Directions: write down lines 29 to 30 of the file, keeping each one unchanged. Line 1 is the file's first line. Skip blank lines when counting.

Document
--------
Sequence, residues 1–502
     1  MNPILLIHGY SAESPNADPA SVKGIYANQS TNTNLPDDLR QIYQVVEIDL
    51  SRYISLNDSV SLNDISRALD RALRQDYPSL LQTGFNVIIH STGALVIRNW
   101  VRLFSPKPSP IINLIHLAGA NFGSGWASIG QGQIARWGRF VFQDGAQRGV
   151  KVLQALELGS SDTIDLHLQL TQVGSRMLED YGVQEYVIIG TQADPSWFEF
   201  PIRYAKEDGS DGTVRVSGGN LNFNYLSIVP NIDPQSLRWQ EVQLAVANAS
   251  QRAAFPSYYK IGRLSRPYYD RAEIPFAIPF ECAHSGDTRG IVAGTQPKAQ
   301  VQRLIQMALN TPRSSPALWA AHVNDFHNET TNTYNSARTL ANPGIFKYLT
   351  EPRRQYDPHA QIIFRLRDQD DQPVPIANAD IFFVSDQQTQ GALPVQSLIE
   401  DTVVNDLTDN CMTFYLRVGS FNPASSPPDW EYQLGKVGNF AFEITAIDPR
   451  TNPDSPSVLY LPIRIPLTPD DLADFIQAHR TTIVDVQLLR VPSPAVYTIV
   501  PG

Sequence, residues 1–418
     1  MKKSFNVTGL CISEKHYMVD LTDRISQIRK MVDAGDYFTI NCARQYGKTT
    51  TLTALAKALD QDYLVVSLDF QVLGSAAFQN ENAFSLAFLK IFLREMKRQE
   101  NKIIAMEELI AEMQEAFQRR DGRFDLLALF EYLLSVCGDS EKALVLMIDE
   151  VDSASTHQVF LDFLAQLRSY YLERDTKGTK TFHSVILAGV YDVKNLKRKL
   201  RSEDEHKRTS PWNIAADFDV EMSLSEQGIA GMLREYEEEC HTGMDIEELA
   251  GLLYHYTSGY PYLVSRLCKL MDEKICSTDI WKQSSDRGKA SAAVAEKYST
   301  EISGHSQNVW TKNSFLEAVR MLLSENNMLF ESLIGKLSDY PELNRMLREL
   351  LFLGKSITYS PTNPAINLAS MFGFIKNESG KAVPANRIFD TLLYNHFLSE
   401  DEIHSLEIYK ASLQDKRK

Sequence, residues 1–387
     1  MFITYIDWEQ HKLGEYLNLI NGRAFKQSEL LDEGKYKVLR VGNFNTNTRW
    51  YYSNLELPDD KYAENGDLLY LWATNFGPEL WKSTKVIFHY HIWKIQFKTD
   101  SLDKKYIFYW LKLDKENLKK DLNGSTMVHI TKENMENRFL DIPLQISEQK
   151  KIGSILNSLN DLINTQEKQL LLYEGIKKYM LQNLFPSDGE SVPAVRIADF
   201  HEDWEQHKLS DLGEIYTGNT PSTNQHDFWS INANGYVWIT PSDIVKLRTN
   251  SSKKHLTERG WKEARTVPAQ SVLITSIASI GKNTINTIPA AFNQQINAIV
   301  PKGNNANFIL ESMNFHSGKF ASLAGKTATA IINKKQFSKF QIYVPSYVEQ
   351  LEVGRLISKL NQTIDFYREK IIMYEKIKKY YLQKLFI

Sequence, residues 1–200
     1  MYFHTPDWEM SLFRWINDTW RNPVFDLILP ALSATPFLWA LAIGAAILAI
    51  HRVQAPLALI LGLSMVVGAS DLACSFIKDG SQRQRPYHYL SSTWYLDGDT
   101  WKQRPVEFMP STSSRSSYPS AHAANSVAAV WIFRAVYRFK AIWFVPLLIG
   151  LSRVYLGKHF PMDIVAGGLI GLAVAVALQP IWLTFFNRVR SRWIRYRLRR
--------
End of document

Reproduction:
   251  SSKKHLTERG WKEARTVPAQ SVLITSIASI GKNTINTIPA AFNQQINAIV
   301  PKGNNANFIL ESMNFHSGKF ASLAGKTATA IINKKQFSKF QIYVPSYVEQ